Eliminating phone and TV screens 1-2 hours before I wanted to be asleep was a big part of accomplishing that.
Everything in my life got better when I was sleeping correctly and enough.
I absolutely 100% fall back into these bad late-evening screen time habits - but my brain is now so well-trained like a dang first place show dog, that it goes to sleep and it stays asleep even when I challenge it.
What makes us sleep? Hormones. Neurotransmitters. Circadian Rhythms. They ring around the rosie and help us take a break every day.
What is a circadian rhythm? Complicated that's what it is. It's your body's natural, built-in, automatic sleep-wake cycle. Believe it or not, you were a child once. And when you were a child, you did not need coffee or coke or energy drinks or adderall or cocaine to wake you up in the mornings. You were just up. You also did not require Unisom, Ambien, Restoril, a bottle of wine or a Xanax to sleep at night, barring extreme traumatic circumstances. You just... fell asleep. Some nights it was harder than others because maybe you had an exciting day, like your birthday party, or you were starting school tomorrow or going on vacation. But you did fall asleep... all on your own. Gold star! (15) I'm also here to tell you, you can retrain your adult brain to do those things again...
Because ya know what you weren't doing? You weren't TikTok'ing and SnapChatting and Facebooking and selfie-ing and IG'ing and Googling and YouTubing and whatever else apps all the children are addicted to these days. Grown ups too. Maybe you were playing SuperNintendo too late and your mom came in and caught you. But it wasn't a nightly thing. Except in summer time. And you know what else you did in summer time? You stay UP way later than normal! And you slept til noon. See what I did there? #Adulting doesn't have sleeping til noon in it unless you are a night shifter!
Hormones are released after signaling chemicals are released from our brains. What's the main one for sleep that we all know and love? Everybody together now - Melatonin!
Melatonin works opposite of Cortisol. When your Melatonin-Cortisol balance is off : insomnia, weight gain, fatigue, cravings, increased appetite, mood swings and more! But that's another topic for another day and hopefully a guest writer!
How does blue light affect Melatonin? That's how we'll close out.
While the exposure to blue is important for keeping organism's wellbeing, alertness, and cognitive performance during the day, chronic exposure to low‐intensity blue light directly before bedtime, may have serious implications on sleep quality, circadian phase and cycle durations. (8)
If you want the long winded study on light, our eyes and circadian rhythm, click source #8. But I'm talking this is some EEG alpha theta delta neuroptic nucleus type heaviness LOL.
Blue light is so effective at suppressing melatonin and improving mood and alertness, that it is a therapy used in treating Seasonal Affective Disorder (depression in the winter).
The study I'm speaking to measured "lux" exposure. Putting people in front of different brightness-es and measuring their melatonin levels, reaction times and also subjective factors like how they felt, etc.. Here are the key points from the study in a list format(17):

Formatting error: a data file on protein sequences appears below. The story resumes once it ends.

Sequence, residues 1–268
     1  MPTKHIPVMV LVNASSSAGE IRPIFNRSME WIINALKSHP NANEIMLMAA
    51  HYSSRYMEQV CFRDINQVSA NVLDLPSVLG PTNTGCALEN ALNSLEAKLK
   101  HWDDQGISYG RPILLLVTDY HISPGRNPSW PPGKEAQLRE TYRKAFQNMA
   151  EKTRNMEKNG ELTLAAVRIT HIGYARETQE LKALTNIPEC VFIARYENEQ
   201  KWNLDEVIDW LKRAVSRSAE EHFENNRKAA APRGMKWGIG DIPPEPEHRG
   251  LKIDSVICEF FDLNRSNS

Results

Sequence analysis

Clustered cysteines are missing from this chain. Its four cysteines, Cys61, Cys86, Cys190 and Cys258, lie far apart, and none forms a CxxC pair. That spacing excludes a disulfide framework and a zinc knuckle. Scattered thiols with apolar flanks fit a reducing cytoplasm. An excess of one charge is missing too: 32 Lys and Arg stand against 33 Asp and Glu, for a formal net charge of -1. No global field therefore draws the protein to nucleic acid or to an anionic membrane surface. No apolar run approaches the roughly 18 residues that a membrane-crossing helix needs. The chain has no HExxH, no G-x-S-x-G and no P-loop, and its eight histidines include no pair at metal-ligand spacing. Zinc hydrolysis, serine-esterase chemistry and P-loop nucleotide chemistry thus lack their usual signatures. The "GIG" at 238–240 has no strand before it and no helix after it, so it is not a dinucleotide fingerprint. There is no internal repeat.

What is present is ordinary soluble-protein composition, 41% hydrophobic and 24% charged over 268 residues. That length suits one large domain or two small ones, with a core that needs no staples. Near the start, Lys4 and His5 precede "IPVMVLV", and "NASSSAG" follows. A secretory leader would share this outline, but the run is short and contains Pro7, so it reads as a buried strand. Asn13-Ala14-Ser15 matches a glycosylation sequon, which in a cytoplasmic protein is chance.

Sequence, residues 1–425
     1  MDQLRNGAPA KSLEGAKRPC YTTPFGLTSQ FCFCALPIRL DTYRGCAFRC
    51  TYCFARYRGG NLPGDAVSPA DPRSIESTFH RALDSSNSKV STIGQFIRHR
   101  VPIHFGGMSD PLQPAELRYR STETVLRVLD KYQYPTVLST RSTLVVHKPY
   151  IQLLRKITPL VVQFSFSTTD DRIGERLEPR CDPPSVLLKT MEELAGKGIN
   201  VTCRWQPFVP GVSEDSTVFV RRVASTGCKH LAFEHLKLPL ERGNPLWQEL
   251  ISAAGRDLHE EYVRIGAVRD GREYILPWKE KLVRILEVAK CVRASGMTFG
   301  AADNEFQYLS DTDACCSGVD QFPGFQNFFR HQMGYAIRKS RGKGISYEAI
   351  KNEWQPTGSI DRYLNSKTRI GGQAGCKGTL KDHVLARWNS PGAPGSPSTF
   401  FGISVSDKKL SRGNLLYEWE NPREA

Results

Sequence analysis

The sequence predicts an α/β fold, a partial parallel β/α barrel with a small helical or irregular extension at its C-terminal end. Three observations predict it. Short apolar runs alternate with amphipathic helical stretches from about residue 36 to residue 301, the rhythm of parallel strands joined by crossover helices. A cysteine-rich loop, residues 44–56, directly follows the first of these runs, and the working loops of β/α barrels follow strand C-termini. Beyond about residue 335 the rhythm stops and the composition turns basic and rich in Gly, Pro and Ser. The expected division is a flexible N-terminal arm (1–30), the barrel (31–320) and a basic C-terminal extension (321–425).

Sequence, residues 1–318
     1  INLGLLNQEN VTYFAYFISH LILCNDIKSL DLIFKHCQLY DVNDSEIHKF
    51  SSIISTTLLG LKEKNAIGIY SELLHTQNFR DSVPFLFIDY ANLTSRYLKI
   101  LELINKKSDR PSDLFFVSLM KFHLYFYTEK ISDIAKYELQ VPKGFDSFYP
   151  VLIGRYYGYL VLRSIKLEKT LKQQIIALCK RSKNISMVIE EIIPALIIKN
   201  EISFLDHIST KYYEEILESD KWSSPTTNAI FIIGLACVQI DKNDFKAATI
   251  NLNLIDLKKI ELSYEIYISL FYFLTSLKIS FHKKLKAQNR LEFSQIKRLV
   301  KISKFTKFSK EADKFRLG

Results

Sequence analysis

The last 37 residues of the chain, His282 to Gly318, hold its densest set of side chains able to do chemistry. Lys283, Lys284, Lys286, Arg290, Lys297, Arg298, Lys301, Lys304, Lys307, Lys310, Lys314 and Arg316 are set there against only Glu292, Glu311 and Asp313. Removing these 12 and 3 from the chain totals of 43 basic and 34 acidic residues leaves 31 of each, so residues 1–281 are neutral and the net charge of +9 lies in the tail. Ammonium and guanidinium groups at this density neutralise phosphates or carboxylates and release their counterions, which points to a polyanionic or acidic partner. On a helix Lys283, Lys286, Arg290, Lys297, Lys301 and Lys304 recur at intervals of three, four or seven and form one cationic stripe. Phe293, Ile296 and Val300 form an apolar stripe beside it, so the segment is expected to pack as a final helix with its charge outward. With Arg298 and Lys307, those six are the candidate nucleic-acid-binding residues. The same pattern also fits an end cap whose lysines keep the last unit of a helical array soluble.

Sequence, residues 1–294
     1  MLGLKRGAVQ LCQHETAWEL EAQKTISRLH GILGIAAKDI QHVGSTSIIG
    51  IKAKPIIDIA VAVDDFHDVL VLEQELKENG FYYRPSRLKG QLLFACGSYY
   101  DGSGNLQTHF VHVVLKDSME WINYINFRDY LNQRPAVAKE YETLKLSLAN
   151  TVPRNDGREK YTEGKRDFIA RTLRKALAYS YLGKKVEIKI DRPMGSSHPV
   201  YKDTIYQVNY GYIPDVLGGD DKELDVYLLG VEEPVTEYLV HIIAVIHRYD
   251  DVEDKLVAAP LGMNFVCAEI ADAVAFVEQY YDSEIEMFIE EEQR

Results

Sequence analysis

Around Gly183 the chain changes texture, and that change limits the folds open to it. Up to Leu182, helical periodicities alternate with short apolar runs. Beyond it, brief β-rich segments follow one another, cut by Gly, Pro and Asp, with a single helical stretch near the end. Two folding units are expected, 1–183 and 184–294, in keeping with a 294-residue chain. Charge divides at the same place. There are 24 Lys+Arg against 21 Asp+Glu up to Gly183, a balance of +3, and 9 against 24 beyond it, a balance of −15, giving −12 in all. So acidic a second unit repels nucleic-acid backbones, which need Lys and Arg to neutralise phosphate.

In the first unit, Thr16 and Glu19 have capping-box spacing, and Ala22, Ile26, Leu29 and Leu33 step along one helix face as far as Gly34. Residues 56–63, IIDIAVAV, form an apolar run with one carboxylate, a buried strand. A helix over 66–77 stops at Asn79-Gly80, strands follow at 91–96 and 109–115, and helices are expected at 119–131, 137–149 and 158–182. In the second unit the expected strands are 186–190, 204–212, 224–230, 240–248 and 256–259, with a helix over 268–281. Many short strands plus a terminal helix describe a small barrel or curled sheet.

"1 hour of 1000 lx exposure by night being sufficient to reduce melatonin levels to a daytime average.." a tad bit more info on this one-liner (skip this if you're over it): Light can be measured in different ways. One unit of measurement is called a lux, which describes how much light falls on a certain area. (This is different from a unit of lumens, which tells you the total amount of light emitted by a light source.) The number of lux gets smaller as you get farther away from a light source. This makes sense if you think about it: a light bulb looks much dimmer if you are standing 100 feet away from it instead of up close—even though it is still emitting the same total amount of light in lumens. Typical outdoor lux levels can range from less than 1/1,000 lux on a dark night to more than 30,000 lux in direct sunlight! (16)
"low levels of illumination are sufficient to trigger awakening..."
"Blue light proved superior to other wavelengths in enhancing responses in the left frontal and parietal cortices..." (your thinking-hard parts of your brain)
"...quicker auditory reaction times and fewer lapses of attention..."
"Blue wavelengths suppressed sleep‐associated delta brainwaves better than green wavelengths and boosted the alpha wavelengths, which are related to alertness."
"...short wavelengths, perceived as blue color, might be used to control sleepiness..." This is great if you're super depressed and sleeping 23 hours a day or a narcoleptic, not great if you're an average adult human.
Do any of these sound like what you need at the end of a long day when you need to sleep?
"Circadian disruption is mainly characterized by misalignment between the internal circadian rhythms and the external environmental conditions."
As little as 30 minutes to 2 hours of exposure to e-books, phone, tablet, or laptop screens may reduce your melatonin to day time levels and can delay REM sleep (deep sleep) onset by 30 minutes! (17) (16)
So, if you're laying there at night forever and you are tired in the mornings, put the nighttime filter on your phone, put away your computers and iPads and gaming pads for the kids... turn off the TV at least 30 minutes before bed time and READ a real book, or magazine... one that's made of paper, that you hold..and turn it's pages. It's good.